Considered almost unthinkable just five weeks ago, Trump’s appearance at center stage is now the most inconvenient of truths for the would-be Republican front-runners. From Milwaukee to Miami, campaign aides are already wrestling with the Trump factor — strategizing on how to engage with him (if at all) and how to stave off his attacks.
“He might be the only person on that stage with nothing to lose,” said one senior Republican campaign adviser, “and he isn’t going down alone.”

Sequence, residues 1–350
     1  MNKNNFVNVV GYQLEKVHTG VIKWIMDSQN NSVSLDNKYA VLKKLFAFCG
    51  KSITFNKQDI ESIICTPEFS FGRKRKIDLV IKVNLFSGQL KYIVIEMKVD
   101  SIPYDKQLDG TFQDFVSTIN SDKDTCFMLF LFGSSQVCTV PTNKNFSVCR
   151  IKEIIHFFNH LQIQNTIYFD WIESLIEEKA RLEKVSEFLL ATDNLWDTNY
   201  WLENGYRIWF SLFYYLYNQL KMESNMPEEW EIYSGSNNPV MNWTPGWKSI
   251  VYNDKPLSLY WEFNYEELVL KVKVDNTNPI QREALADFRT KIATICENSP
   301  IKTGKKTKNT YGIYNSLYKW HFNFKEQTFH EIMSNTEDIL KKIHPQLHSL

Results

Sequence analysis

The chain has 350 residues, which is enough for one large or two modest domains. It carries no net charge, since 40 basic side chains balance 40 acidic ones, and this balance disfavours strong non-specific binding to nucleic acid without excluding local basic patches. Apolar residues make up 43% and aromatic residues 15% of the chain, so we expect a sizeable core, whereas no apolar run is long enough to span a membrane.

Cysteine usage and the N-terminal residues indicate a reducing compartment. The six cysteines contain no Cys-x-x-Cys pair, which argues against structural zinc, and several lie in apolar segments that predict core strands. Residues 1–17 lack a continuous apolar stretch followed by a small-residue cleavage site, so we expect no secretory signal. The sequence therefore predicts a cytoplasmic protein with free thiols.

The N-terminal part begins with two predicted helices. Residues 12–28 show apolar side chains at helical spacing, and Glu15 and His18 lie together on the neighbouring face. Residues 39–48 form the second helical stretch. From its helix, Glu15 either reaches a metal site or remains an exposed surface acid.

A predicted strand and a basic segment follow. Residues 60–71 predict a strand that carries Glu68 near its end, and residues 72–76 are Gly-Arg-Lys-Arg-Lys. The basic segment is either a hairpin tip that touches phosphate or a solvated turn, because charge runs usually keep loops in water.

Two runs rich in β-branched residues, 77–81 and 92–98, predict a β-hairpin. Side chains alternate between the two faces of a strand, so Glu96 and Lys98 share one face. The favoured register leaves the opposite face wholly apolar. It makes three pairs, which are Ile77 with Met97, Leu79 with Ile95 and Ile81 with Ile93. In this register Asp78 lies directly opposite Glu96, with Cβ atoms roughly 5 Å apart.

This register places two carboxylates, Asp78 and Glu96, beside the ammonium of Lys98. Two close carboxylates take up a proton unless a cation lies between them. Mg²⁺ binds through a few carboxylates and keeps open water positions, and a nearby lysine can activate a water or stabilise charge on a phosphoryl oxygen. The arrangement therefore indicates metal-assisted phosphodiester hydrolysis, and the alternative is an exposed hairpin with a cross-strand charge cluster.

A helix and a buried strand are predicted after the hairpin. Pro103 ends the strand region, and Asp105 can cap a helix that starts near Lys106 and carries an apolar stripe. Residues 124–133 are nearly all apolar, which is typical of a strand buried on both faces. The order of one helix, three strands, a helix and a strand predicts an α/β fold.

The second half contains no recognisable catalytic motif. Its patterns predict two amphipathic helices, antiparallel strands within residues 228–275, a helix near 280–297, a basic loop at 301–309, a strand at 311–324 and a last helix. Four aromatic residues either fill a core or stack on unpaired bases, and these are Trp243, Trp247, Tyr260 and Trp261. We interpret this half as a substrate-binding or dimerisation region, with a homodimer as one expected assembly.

At the same time, candidates will be eager to ensure that they aren’t just playing bit parts in a two-hour Donald Trump show. That will be especially challenging given the feverish media attention surrounding the notoriously braggadocious front-runner.
“Unless everything changes in the next two weeks, which is always a possibility, I imagine Trump will be pretty much the top five stories of the debate just by showing up,” said Mark Leibovich, the chief national correspondent for The New York Times Magazine.